Polskie Gornictwo Naftowe i Gazownictwo SA fell the most on record on concern the Polish natural gas company’s main pipeline route via Ukraine may be disrupted and after projecting lower-than expected earnings.
State-controlled PGNiG fell as much as 11 percent to 4.56 zloty before trading at 4.64 zloty at 2:30 p.m. in Warsaw as the country’s benchmark WIG20 Index declined 4 percent. OAO Gazprom, Russia’s gas export monopoly, fell as much as 17 percent in Moscow.
Ukraine yesterday mobilized its army after lawmakers in Moscow gave permission for troop deployments and Russia seized control of the Black Sea region of Crimea. PGNiG said late on Feb. 28 its 2014 earnings before interest, taxes, depreciation and amortization will be about 5.9 billion zloty ($1.9 billion), lower than the 7.07 billion-zloty forecast of 11 analysts surveyed by Bloomberg.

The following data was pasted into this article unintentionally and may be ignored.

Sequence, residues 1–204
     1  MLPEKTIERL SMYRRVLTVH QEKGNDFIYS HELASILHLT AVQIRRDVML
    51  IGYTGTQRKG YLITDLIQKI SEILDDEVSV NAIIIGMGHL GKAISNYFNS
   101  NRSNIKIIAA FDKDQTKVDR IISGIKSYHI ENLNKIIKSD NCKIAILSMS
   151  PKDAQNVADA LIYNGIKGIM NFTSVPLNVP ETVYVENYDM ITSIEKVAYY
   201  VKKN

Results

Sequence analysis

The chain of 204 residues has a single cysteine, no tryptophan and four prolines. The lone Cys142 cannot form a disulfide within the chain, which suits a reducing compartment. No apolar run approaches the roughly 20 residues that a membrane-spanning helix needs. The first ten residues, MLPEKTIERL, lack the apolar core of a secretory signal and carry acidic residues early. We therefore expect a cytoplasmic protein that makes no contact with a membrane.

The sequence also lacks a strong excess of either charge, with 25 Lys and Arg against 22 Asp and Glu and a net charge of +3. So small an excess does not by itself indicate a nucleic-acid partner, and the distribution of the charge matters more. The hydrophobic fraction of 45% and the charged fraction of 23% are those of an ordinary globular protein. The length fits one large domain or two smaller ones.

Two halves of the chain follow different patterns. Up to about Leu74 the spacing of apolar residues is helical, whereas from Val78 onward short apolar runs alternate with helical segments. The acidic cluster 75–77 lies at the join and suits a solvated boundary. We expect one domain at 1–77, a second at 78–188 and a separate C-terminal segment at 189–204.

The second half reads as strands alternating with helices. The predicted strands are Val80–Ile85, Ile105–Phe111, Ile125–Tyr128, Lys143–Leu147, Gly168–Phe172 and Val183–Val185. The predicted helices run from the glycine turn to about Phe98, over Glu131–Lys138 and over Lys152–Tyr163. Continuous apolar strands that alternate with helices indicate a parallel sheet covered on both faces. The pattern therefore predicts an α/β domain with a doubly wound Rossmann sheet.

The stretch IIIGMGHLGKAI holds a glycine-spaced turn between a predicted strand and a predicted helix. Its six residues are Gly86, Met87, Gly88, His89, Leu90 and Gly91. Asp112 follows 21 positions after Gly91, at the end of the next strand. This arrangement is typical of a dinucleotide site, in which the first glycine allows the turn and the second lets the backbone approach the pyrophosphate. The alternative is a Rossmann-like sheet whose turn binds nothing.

“If Gazprom were to turn down the gas tap, it could have a negative impact on PGNiG,” Tomasz Kasowicz, an analyst at Bank Zachodni WBK SA, said by phone today. “However, it’s difficult to say how probable that scenario is. What’s making PGNiG’s shares fall more than others is the forecast it announced last week.”
PGNiG controls 98 percent of the Polish gas market and imports about two-thirds of the fuel from Russia via Ukraine and Belarus. Dorota Gajewska, the company’s spokeswoman, said gas supplies via Ukraine were uninterrupted and it’s monitoring the situation.
Gaz-System SA, the state owner of the pipeline network, sees no signs of any possible cut or halts of deliveries from Ukraine, spokeswoman Malgorzata Polkowska said today. Poland can redirect imports via Belarus if needed, while gas storage facilities are full and demand is moderate because of mild weather, she said.
Grupa Azoty and PKN Orlen SA, Poland’s biggest gas consumers, declined 4.3 percent and 5.1 percent respectively.